68. 68. Page 68 This is the next Big Opportunity for both planners & creatives
    69. 69. Page 69 And it‟s available right now…
    70. 70. 4. Facebook – The future, today…
    71. 71. Page 71 Facebook is Big Data
    72. 72. Page 72 Server farms the size of 4 football pitches Facebook processes 2.5 billion pieces of content and 500+ terabytes of data each day. It’s pulling in 2.7 billion Like actions and 300 million photos per day, and it scans roughly 105 terabytes of data each half hour. #Facebook, August 2012
    73. 73. Page 73
    74. 74. Page 74 Facebook can serve depending on: Location (inc. mobile location) Your age, sex, education Your interests and activities Your affiliation (Likes) to a brand (or not)
    75. 75. Page 75
    76. 76. Page 76 The most advanced targeting system on the planet – with over a Billion people But…
    78. 78. Page 78
    79. 79. Page 79
    80. 80. Page 80 It’s not all bad, though…
    81. 81. Page 81
    82. 82. Page 82
    83. 83. Page 83
    84. 84. Page 84 52 million people in the UK aged 14+ c. 36 million on Facebook, aged 13+ = 69% of population on Facebook today #Facebook, 2012 Census
    85. 85. Page 85 #Fabric
    86. 86. Page 86
    87. 87. Page 87 So… • Facebook already has the targeting in place • People have done Cannes-winning work on Facebook, but it hasn’t yet leveraged the capabilities of Big Data and Addressable Media • Planners have leveraged Big Data, but not enough and it’s not yet been used to radically change the creative itself – more the briefing – and, more often than not, it’s Small Data rather than Big! • With Facebook launching Video Advertising, the ability to target a mass audience will become a very real possibility • And this isn’t the only show in town – think about YouTube, VOD, etc…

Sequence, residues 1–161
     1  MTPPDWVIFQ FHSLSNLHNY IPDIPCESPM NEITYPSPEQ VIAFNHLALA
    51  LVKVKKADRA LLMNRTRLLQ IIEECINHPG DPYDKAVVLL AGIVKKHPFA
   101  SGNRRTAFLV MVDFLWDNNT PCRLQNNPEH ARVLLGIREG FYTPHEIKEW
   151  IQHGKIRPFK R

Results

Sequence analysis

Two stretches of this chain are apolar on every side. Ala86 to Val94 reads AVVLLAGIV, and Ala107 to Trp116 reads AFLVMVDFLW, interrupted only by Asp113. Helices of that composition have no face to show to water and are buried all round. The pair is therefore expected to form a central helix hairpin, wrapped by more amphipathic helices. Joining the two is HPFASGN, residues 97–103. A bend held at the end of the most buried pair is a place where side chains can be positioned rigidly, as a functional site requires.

88. 88. Page 88 As all these things become possible, future planners and creatives will conceive of something amazing… They will create a new campaign that goes into the hall of “awesome”. Will it be you?
    89. 89. Page 89 Three Thought Starters… ① Targeted Ads within Campaigns
    90. 90. Page 90 Campaign Idea Edit for Young Males Edit for Young Females Edit for Brand Loyalists Video Execution
    91. 91. Page 91 ① ② Targeted Ads within Campaigns Campaigns that Evolve Three Thought Starters…
    92. 92. Page 92 Campaign Launch See first day’s activity and responses Create specific ads to address response Monitor reactions and sales impact Re-edit TV campaign to increase interest
    93. 93. Page 93 ① ② ③ Targeted Ads within Campaigns Campaigns that Evolve Pre-testing in the real world Three Thought Starters…
    94. 94. Page 94 Client’s favourite cut/edit/ending Compromise version Creative team’s favourite cut/edit/ending All posted on YouTube and promoted for 3 days – results/data tracked Best- performing version gets aired on TV, plus VOD
    95. 95. Page 95 And… ① ② ③ ④ Targeted Ads within Campaigns Campaigns that Evolve Pre-testing in the real world Buying Facebook shares #Facebook shares: The value of an investment can go down as well as up and you may get back less than you put in
    96. 96. Page 96 The thought starters I’ve given you are dull. They’re rational approaches. This needs genius – the moment where it turns into something awesome. And that’s your challenge…
    97. 97. #Looney Tunes